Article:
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Patients describe agitation as a feeling of inner distress (they feel nervous, restless, overwhelmed, out of control, in fear, in panic). It leads to an externally recognized dysfunctional state and manifests itself in swearing, hostility, lack of impulse controls, uncooperative behavior and a greater propensity to violence

Treatment of Agitation 

In the first instance, a doctor may prescribe medications called sedatives or benzodiazepines.

Examples may include diazepam  or lorazepam . These medications work quickly to help a person feel calmer and can temporarily relieve agitation.

Additional steps include

  • Medications to relieve depression – Doctors may prescribe a variety of drugs to relieve depression, including anti-depressants. If a person does not respond to these medicines, a doctor may add another drug or prescribe a different medication type entirely. Examples can include anti-anxiety medications or mood stabilizers.
  • Counseling – Seeing a psychiatrist or other mental health professional can help a person identify thoughts and feelings that can signal the start of agitation or depressive symptoms. Therapy can help a person focus on thoughts and behaviors that can help them feel better when they struggle with agitated depression.
  • Stress-relieving techniques – Relieving stress and depression through physical activity, meditation, deep breathing, and journaling can all help a person cope with feelings agitated depression.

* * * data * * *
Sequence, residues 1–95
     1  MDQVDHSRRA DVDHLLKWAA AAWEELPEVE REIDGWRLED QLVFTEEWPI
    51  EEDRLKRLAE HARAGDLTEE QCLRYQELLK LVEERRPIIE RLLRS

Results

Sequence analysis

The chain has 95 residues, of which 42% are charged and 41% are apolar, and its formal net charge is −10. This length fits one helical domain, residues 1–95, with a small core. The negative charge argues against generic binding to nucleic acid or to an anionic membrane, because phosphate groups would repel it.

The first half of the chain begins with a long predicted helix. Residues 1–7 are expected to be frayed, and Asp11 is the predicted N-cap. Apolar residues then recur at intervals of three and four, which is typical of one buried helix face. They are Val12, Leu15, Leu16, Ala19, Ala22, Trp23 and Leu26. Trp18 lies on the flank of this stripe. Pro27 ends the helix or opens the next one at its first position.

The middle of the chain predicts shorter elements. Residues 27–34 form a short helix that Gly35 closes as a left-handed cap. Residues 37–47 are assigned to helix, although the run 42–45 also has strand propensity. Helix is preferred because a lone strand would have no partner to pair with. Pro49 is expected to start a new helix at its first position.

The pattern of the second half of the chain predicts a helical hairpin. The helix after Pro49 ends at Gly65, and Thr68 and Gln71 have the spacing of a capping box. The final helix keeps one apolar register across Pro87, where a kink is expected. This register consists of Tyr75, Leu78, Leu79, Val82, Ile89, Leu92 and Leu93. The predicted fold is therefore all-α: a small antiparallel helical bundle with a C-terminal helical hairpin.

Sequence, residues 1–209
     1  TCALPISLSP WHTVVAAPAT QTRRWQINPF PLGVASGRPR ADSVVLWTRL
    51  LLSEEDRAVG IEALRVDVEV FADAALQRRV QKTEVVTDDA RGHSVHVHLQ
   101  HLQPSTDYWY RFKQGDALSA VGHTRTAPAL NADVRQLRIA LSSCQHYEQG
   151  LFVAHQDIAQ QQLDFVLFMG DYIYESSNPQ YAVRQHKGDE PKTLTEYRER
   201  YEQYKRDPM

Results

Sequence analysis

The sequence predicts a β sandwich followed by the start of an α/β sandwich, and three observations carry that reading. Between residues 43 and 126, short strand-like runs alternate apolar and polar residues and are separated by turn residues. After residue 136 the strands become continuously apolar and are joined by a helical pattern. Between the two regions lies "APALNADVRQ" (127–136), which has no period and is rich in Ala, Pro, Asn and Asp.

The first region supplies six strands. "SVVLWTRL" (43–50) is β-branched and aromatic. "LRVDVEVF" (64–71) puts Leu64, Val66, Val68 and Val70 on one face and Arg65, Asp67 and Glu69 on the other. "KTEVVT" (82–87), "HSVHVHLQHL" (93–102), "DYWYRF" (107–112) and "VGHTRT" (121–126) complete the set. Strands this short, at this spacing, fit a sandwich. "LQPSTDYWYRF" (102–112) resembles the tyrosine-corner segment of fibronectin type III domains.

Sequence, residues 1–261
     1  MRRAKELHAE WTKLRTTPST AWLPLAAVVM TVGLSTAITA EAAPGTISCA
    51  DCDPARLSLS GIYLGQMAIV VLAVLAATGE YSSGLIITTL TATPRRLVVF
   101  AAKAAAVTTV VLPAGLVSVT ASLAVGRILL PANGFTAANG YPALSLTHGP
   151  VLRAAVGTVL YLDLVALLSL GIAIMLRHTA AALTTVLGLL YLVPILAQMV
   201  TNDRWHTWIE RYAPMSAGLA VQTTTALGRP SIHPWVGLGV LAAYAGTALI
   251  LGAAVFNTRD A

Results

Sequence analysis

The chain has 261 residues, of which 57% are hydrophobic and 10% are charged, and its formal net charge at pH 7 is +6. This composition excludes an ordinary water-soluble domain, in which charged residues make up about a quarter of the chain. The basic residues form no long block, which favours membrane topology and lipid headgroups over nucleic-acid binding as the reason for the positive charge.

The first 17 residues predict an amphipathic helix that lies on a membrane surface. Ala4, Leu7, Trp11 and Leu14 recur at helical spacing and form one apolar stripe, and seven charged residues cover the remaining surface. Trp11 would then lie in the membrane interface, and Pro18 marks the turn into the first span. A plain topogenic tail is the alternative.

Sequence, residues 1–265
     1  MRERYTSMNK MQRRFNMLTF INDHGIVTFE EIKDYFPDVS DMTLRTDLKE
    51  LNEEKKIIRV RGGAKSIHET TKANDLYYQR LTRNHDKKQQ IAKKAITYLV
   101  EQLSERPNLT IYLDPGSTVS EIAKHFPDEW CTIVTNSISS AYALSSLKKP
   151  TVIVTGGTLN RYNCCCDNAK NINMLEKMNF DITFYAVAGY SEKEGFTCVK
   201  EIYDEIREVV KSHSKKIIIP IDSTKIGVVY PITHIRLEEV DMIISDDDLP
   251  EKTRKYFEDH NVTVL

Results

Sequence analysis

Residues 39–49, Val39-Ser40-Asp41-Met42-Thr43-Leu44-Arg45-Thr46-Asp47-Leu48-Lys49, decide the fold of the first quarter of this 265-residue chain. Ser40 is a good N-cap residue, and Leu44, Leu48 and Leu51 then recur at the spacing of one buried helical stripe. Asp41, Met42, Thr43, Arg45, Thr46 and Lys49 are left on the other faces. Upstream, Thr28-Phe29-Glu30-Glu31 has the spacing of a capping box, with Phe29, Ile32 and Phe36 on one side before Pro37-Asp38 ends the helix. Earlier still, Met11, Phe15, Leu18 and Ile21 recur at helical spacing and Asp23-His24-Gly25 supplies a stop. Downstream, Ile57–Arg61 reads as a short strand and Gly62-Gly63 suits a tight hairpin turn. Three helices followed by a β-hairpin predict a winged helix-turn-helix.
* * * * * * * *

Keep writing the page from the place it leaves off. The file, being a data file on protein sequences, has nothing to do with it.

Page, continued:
• Intramuscular – midazolamlorazepam, or another benzodiazepine can be used to both sedate agitated patients, and control semi-involuntary muscle movements in cases of suspected akathisia.
  • Droperidol, haloperidol, or other typical antipsychotics can decrease the duration of agitation caused by acute psychosis, but should be avoided if the agitation is suspected to be akathisia, which can be potentially worsened. Also using promethazine may be useful.
  • Recently three atypical antipsychotics, olanzapine, aripiprazole and ziprasidone, have become available and FDA approved as an instant release intramuscular injection formulations to control acute agitation. The IM formulations of these three atypical antipsychotics to be at least as effective or even more effective than the IM administration of haloperidol alone or haloperidol with lorazepam (which is the standard treatment of agitation in most hospitals) and the atypicals have a dramatically improved tolerability due to a milder side-effect profile.
  • In those with psychosis causing agitation there is a lack of support for the use of benzodiazepines alone, however they are commonly used in combination with antipsychotics since they can prevent side effects associated with dopamine antagonists.
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Pharmacologic Options for Acute Agitation — Intramuscular Agents

Agent
Dose (mg)
Comments
Lorazepam
0.5 to 2.0
Will treat underlying alcohol withdrawal. Caution: respiratory depression.
Haloperidol
0.5 to 10
Caution: akathisia, acute dystonic reaction, seizure threshold decrease.
Droperidol
2.5 to 5.0
No FDA-approved psychiatric indication. Caution: prolongation of the QTc interval (removed from UK market, and new black box warning in United States)
Olanzapine*
10 (2.5 for patients with dementia)
Superiority over haloperidol (schizophrenia) and lorazepam (bipolar disorder) in clinical trials. No EPS. Caution: weight gain over time.
Ziprasidone*
10 to 20
Little or no EPS. Caution: prolongation of the QTc interval.

References

  1. https://www.ncbi.nlm.nih.gov/books/NBK493153/
  2. https://www.ncbi.nlm.nih.gov/pmc/articles/PMC3298219/
  3. https://www.ncbi.nlm.nih.gov/pmc/articles/PMC4301197/
  4. https://www.ncbi.nlm.nih.gov/pmc/articles/PMC4301197/

Agitation